Rheumatoid arthritis causes excruciating symptoms that may limit your mobility, preventing you from enjoying your life. Additionally, it can lead to other diseases such as osteoarthritis and cause damage to other parts of your body. The specialists at the Osteoporosis and Rheumatology Center of Tampa Bay offer effective treatments to prevent the progression of rheumatoid arthritis.
What is rheumatoid arthritis?
Rheumatoid arthritis refers to a progressive autoimmune disorder that causes swelling, pain, and inflammation in your joints. As this disorder progresses, it can result in joint deformity, loss of function, and irreversible destruction. Rheumatoid arthritis can destroy your joints, lungs, skin, blood vessels, and eyes. This disorder occurs when the immune system turns against your body tissues mistakenly. Rheumatoid arthritis destroys your joint linings, leading to common deformity or bone erosion. The inflammation resulting from rheumatoid arthritis can cause detrimental effects on other parts of your body. Early detection of this disorder prevents permanent deformities, and with proper treatment, you can slow down its progression.
How can you know if you have rheumatoid arthritis?
The signature symptoms of rheumatoid arthritis are inflammation and chronic joint pain. RA leads to irreversible destruction of the same type of joint on both limbs. This is how you can distinguish this form of arthritis from other conditions such as osteoarthritis. Your signs and symptoms exacerbate as the disease worsens. Your symptoms may include:
- Joint deformities and loss of joint function
- Loss of appetite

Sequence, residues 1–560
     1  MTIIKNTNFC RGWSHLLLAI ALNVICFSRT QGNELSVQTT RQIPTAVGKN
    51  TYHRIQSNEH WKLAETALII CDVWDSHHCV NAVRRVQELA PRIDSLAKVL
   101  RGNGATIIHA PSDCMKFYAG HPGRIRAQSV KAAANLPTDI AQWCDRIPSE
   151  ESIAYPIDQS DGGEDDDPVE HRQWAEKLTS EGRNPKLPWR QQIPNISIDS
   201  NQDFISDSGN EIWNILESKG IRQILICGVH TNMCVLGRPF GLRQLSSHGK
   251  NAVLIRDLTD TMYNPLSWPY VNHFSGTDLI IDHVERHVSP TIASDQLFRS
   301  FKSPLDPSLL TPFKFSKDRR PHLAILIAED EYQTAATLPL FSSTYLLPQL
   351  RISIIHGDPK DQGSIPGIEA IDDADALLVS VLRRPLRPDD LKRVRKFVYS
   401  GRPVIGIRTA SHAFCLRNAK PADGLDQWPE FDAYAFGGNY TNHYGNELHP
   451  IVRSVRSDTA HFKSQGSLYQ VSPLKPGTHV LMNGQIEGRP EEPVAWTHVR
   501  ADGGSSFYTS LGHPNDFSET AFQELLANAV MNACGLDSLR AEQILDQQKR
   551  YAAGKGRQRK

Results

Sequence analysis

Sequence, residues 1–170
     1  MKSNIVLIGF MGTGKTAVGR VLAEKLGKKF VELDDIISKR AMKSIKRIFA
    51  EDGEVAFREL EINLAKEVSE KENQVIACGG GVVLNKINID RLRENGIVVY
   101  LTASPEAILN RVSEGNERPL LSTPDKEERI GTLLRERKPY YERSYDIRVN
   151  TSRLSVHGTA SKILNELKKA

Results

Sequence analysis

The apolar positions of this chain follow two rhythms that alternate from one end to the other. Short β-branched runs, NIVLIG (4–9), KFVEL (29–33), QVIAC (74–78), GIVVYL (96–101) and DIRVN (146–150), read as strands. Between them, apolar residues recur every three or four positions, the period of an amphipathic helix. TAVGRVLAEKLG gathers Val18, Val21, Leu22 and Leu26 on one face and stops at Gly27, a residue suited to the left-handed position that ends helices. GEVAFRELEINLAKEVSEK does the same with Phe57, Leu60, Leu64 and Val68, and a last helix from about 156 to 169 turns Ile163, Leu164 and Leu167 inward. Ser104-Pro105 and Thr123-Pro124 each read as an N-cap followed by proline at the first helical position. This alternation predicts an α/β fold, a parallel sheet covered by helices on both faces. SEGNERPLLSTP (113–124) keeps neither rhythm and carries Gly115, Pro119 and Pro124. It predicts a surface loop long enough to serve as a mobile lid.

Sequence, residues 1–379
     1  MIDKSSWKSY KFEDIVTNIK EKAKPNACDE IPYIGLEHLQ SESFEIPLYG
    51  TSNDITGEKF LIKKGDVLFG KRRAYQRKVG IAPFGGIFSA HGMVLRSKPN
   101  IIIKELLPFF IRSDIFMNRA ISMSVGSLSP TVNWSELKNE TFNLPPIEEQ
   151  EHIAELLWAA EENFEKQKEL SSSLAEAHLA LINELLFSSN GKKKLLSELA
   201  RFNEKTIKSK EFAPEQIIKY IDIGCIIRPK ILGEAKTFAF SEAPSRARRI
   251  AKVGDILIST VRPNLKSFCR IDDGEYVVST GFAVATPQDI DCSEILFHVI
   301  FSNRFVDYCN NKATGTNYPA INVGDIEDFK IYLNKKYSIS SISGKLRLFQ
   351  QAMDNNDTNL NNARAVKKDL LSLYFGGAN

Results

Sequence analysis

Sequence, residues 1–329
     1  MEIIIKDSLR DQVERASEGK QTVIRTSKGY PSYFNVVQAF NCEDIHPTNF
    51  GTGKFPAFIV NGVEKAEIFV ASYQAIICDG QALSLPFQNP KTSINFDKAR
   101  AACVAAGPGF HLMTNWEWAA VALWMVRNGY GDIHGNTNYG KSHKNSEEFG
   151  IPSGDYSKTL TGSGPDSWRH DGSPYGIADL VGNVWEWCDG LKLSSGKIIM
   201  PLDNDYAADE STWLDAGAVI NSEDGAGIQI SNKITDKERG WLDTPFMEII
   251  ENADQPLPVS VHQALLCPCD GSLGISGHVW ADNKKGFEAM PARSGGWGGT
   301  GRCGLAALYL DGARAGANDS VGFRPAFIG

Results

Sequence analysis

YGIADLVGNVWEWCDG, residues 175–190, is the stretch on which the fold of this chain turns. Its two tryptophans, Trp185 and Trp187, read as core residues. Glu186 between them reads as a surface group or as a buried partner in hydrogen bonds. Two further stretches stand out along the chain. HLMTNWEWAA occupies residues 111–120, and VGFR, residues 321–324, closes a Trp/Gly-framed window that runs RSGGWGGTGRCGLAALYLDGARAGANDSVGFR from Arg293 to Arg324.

- Excruciating pain in the affected joints
- Unexplained fatigue
- Low-grade fever
- Swollen, warm, and tender joints
- Joint stiffness that worsens after a long period of inactivity or in the morning
Early rheumatoid arthritis affects smaller joints such as your fingers and your toes. As the disease deteriorates, it may spread to your knees, elbows, wrists, shoulders, hips, and ankles. Periods of severe symptoms are medically known as flares, alternating with periods of remission. Over time, your joints may shift out, limiting your walking ability.
What factors increase your risk of developing rheumatoid arthritis?
The causative factors of rheumatoid arthritis are unknown, but factors may increase your chances of developing it. They include:
- Your sex. Women are more vulnerable to getting rheumatoid arthritis
- Being overweight
- Family history of the disease
- Age. Older adults are more likely to develop the disorder
How can you treat arthritis?
Medical experts are yet to discover a cure for rheumatoid arthritis, but several noninvasive and invasive procedures can slow its progression. Your doctor may begin by recommending antirheumatic drugs to prevent complications resulting from the disease. Your treatment depends on the severity of your health condition. Your doctor may recommend may also recommend the following:
- Nonsteroidal anti-inflammatory drugs to alleviate your pain
- Corticosteroid medications like prednisone to prevent joint damage
- Conventional DMARDS
- Biologic response modifiers
You can also adopt healthy lifestyle habits to supplement your medications. You try exercising regularly, relaxing, and applying cold or heat to reduce the intensity of your symptoms.
For more information about rheumatoid arthritis, call the Osteoporosis Rheumatology Center office or book your spot online.